Technical Mercedes GP reinvent F-duct for the Front Wing?

Blog Zbod

Podium Finisher
The FIA's ruling hinges on their view that the W-Duct does not operate as a direct result of driver movement.

I understand the distinction between the DRS button's primary function and all subordinate functions, but to claim the W-Duct is not directly put into operation by driver movement is absolutely daft. Absent any driver movement, it will not nor cannot operate, therefore it only ever operates as the result of driver movement. They can split hairs direct and indirect all they like but it still is driver operated.

I reiterate my earlier contention that the FIA cannot logically ban Lotus' active anti-dive yet find Mercedes' W-Duct legal. The primary function of the car's brake pedal is to cause the car to de-accelerate, therefore (by the FIA's own logic) Lotus' anti-dive was not directly operated by driver movement. As to their claim the antidive's primary benefit was aerodynamic, Mercedes' W-Duct's sole function is aerodynamic.

It simply does not pass the smell test.
 
The FIA's ruling hinges on their view that the W-Duct does not operate as a direct result of driver movement.

I understand the distinction between the DRS button's primary function and all subordinate functions, but to claim the W-Duct is not directly put into operation by driver movement is absolutely daft. Absent any driver movement, it will not nor cannot operate, therefore it only ever operates as the result of driver movement. They can split hairs direct and indirect all they like but it still is driver operated.

I reiterate my earlier contention that the FIA cannot logically ban Lotus' active anti-dive yet find Mercedes' W-Duct legal. The primary function of the car's brake pedal is to cause the car to de-accelerate, therefore (by the FIA's own logic) Lotus' anti-dive was not directly operated by driver movement. As to their claim the antidive's primary benefit was aerodynamic, Mercedes' W-Duct's sole function is aerodynamic.

It simply does not pass the smell test.

Actually just to split hairs, it's not operated by driver movement, it's operated by DRS wing movement. The driver cannot activate the W-duct at all
W-duct also has absolutely no moving parts whatsoever.
Only driver-operated or moveable aerodynamic devices are banned - apart from DRS wings - and this is neither.

It may smell like a 3-month dead haddock, but it was approved by the FIA before Mercedes put it in production (because the FIA felt that they had no grounds under the rules to ban it), it has passed pre-race scrutineering twice (Oz and Malaysia) and in random post-race scrutineering as well, has been appealed by Lotus, appeal has been rejected, and that's got to be that now.

The only question now is how soon other teams can let a trainee loose with a drill and some tubing and then gaffer-tape the whole lot together so that they can have it as well.
 

ExtremeNinja

Karting amateur
Contributor
After so much debate, when I find myself convinced of both sides of the argument, the ony thing that is clear to me is that the ruling is to grey to be absolute.
 

FB

Not my cup of cake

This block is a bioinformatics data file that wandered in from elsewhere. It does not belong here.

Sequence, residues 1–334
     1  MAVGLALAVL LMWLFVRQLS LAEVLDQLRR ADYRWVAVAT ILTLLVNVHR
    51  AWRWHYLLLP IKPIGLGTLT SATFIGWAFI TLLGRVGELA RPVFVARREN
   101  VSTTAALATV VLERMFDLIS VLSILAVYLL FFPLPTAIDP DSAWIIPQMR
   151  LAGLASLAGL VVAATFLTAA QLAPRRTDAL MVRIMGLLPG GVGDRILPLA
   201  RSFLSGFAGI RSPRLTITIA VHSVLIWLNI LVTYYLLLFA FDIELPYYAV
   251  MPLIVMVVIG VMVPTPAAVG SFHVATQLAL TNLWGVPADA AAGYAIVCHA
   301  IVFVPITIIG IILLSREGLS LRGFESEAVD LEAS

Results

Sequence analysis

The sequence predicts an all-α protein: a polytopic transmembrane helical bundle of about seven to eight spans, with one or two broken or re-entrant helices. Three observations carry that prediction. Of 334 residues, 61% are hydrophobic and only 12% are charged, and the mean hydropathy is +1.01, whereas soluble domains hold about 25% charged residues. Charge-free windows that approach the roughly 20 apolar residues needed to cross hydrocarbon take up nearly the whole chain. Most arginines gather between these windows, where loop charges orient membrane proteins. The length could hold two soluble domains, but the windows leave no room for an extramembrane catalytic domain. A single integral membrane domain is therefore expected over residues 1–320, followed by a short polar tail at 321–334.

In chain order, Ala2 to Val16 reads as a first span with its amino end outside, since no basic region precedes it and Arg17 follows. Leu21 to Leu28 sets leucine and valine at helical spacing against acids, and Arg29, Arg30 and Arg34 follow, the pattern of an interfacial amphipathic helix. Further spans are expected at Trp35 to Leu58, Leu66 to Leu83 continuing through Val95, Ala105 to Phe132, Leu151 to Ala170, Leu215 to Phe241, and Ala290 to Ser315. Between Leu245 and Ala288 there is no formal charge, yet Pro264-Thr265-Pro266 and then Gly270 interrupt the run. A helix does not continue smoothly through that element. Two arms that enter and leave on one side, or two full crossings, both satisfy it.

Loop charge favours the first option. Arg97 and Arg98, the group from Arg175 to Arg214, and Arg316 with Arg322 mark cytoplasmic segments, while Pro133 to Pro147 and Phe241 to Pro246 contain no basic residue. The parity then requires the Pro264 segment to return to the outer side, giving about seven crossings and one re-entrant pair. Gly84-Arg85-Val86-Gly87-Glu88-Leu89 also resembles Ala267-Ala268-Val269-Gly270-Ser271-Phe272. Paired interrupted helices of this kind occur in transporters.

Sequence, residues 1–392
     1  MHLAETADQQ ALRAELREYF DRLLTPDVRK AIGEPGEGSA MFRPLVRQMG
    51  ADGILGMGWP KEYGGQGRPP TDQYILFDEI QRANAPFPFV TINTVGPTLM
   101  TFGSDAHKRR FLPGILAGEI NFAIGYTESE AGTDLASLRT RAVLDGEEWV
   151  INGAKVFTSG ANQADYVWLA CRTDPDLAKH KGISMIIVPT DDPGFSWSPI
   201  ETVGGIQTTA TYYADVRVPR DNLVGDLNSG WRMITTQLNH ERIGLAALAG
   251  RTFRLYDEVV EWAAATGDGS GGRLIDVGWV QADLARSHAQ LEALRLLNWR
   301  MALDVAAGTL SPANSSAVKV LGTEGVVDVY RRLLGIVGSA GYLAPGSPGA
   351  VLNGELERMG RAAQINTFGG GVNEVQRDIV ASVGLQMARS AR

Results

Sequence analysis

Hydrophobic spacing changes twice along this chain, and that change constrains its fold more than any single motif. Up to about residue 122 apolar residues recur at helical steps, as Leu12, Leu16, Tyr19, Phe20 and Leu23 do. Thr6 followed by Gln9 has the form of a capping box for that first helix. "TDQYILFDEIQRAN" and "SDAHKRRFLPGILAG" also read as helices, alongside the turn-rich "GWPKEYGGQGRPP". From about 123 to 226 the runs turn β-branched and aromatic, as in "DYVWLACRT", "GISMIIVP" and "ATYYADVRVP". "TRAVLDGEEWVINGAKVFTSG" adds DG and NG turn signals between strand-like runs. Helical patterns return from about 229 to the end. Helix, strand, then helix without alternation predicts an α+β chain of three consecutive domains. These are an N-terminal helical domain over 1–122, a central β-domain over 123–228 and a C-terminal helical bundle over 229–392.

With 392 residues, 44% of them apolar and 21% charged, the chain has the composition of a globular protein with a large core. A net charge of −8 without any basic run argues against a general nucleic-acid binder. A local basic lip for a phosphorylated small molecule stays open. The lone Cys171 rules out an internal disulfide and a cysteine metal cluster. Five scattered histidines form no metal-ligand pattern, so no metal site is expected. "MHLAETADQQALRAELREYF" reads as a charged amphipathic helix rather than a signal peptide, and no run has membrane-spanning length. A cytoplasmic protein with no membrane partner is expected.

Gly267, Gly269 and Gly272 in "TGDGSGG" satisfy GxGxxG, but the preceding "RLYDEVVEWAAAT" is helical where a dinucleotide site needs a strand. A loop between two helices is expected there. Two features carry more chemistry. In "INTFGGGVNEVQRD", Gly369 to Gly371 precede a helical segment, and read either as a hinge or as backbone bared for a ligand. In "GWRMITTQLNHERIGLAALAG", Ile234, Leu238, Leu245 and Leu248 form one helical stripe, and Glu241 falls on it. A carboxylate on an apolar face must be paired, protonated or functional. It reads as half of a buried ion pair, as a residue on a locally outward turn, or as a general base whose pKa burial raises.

Valued Member
That's going to open a whole new can of worms now isn't it? As a consequence of the DRS opening, in effect, the FIA is saying you can do what you like as long as it's a passive system.
 

ExtremeNinja

Karting amateur
Contributor
That's going to open a whole new can of worms now isn't it? As a consequence of the DRS opening, in effect, the FIA is saying you can do what you like as long as it's a passive system.
...and has no moving parts. A pretty big caveat!
 

FB

Not my cup of cake
Valued Member
But who in their right mind would have thought of running the engine off throttle and blowing the exhaust gasses under the car to improve downforce? I bet Adrian Newey isn't at the next two races...
 

sushifiesta

Champion Elect
Contributor
Sorry for being a really lazy bastard and not browsing around, I'm sure the answer has already been posted, but there's is on thing about this Mercedes system that is bugging me and it seems like the obvious question that no one is asking....

How the hell does a system based on the DRS stall the FRONT wing?
 

no-FIAt-please

Champion Elect
Premium Contributor
Sorry for being a really lazy bastard and not browsing around, I'm sure the answer has already been posted, but there's is on thing about this Mercedes system that is bugging me and it seems like the obvious question that no one is asking....

How the hell does a system based on the DRS stall the FRONT wing?

I suggest you look at this site, there is a number of articles about Mercedes' DRS.

http://scarbsf1.wordpress.com/
 

The Pits

Harumph. Again.
Valued Member
There are holes in the rear wing end plates, which are linked via a duct to the front wing. There are some holes/slots in the front wing placed in order that the air flow created from the high pressure at the rear wing is used to create a pressure differential at the front and stall the wing.
 

Mezzer

A fine chap if ever there was one.
Contributor
With the Mercs suddenly looking very quick I've been wondering whether there was any sandbagging with the DDRS until the FIA formally supported it against last week's protest. That said, the main benefit is in quali due to the (IMO absurd) ability to use DRS at any time, and the Merc's race speed seems good too when its not available, so I'm edgind towards the "no".
 
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